Poisoned Pen Press, Hardcover, 9781590584415, 318pp.
Publication Date: April 1, 2008
A notice announcing that Harry Devlin died suddenly on Midsummers Eve arrives at the office of his law firm one June day. Harry isnt happy to read it especially as Midsummers Eve is less than a week away. His partner Jim Crusoe treats the message as a joke, but Harry isnt so sure. From that moment on, his world starts to fall apart. Who is his unknown enemy? The list of people who might want rid of him lengthens, and soon someone close to him is savagely attacked and left for dead. Meanwhile, young women are being murdered in Harrys home city of Liverpool. When a friend who has asked to meet him becomes the latest victim, Harry is dragged into the investigation and becomes a suspect. He finds himself fighting for survival on two fronts. But even as he unravels the shocking secret behind the murders, the clock keeps ticking. Harry must discover and confront the enemy who wants him dead - if he is to live to see Midsummers Day. An atmospheric, fast-moving and intricate thriller, Waterloo Sunset features in Harry Devlin one of modern crime fictions most memorable amateur detectives in the deadliest case of his life.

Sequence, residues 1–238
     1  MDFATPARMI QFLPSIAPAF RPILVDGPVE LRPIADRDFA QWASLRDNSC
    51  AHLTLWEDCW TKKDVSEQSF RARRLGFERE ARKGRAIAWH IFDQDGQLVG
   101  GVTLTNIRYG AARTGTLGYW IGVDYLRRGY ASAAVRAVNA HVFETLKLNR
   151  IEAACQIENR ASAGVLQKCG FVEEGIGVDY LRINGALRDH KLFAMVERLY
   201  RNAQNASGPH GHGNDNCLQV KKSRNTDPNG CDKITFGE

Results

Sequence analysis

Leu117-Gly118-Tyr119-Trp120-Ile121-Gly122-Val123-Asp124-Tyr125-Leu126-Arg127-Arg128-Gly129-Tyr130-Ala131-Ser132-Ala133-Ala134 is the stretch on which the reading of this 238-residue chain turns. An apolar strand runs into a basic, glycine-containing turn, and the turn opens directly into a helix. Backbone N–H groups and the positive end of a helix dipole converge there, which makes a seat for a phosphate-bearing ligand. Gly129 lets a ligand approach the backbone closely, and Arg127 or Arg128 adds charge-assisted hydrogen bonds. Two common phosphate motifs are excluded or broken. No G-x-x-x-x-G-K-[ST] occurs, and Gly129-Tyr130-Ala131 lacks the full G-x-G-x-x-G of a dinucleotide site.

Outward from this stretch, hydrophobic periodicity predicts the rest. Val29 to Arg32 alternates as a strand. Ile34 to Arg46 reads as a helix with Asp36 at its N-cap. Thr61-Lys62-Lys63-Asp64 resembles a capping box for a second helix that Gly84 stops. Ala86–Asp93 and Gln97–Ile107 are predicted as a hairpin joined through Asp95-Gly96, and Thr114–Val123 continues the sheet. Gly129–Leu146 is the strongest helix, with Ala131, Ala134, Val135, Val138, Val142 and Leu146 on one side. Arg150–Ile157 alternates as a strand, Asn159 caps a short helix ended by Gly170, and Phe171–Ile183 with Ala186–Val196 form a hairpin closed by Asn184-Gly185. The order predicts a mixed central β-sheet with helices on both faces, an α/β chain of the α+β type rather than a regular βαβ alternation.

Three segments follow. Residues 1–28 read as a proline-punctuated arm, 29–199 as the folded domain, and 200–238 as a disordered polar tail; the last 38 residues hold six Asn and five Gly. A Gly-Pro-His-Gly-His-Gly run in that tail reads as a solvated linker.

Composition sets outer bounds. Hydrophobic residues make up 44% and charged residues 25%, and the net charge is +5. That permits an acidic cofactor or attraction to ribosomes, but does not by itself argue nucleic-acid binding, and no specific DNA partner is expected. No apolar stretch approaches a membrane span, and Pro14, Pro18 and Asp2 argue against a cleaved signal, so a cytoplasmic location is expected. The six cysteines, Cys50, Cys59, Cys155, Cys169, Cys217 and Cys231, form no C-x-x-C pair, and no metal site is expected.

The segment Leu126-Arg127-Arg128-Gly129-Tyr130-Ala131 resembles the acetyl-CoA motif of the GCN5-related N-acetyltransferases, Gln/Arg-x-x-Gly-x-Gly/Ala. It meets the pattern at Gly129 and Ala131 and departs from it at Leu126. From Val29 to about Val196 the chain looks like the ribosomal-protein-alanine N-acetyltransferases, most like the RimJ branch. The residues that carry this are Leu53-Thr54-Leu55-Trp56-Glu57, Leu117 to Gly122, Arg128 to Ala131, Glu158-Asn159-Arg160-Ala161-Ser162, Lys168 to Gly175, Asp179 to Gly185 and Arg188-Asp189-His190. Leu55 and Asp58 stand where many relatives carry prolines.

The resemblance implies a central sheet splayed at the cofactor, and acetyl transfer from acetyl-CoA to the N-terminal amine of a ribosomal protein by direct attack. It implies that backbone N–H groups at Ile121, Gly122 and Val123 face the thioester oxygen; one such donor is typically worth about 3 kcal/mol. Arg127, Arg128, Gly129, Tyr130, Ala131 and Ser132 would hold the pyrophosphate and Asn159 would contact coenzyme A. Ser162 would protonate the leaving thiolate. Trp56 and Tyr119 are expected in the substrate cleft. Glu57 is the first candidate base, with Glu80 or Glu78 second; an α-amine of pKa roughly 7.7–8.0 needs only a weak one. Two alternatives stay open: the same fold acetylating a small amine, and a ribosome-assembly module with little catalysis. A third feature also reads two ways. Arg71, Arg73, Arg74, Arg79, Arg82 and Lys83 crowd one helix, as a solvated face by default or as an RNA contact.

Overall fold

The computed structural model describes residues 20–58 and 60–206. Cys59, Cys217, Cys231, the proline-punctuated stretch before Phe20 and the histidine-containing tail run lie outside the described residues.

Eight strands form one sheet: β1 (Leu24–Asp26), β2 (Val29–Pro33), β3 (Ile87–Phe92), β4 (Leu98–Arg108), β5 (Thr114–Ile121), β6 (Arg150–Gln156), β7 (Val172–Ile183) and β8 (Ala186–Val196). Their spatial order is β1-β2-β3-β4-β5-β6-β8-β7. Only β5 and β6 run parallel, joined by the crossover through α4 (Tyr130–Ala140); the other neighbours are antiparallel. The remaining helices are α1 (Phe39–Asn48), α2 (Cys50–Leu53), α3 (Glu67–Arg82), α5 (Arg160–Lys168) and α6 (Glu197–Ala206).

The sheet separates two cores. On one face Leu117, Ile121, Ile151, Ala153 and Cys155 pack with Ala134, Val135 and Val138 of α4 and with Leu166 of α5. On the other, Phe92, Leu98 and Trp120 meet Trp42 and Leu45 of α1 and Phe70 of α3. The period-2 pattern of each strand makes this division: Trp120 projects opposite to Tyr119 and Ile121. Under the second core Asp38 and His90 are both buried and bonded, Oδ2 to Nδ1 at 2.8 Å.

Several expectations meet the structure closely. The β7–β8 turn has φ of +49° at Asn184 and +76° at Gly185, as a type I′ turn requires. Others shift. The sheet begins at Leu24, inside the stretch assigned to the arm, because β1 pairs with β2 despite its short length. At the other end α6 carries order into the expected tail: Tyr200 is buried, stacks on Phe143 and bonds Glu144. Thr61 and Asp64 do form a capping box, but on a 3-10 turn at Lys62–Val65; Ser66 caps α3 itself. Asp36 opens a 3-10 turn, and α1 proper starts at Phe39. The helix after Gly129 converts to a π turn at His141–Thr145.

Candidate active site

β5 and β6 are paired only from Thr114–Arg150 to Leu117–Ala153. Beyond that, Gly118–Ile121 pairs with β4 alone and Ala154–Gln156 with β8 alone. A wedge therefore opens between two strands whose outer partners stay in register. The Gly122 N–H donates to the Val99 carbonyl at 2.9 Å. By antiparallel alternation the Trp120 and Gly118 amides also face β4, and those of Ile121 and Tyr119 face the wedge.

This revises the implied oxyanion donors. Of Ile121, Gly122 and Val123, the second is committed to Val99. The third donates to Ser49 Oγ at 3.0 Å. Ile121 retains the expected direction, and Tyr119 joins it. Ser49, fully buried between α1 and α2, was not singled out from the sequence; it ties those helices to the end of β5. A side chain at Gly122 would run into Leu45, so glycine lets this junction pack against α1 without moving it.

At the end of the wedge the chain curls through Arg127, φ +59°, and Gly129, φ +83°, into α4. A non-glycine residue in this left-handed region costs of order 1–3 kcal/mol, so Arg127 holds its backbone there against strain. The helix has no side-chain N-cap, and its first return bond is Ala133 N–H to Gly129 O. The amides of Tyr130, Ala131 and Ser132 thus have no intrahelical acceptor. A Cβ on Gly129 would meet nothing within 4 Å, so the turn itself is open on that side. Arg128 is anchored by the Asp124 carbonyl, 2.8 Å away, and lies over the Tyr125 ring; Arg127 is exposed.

At the start of the impressive eighth entry in Edwards?'s Harry Devlin series (/All the Lonely People/, etc.), the Liverpool attorney receives a fake newspaper notice announcing his death on Midsummer?'s Eve. Subsequent threatening messages lead him to take the less-than-a-week deadline seriously. Given Devlin?'s penchant for sticking his nose where it doesn??t belong, many people bear him murderous grudges. Devlin focuses on two suspects??Tom Gunter, a violent thug and a former client, and Aled Borth, a loner angered that the lawyer?'s best efforts didn??t result in a charge of murder being brought against the nursing home where Borth?'s mother died. The addition of a serial killer who severs his victim?'s tongues might have proven too much for the plot to bear in a lesser writer?'s hands, but Edwards skillfully weaves the strands together. While some readers will guess the truth before Devlin does, all will enjoy this twisty whodunit. -- Publishers Weekly (12/24/2007)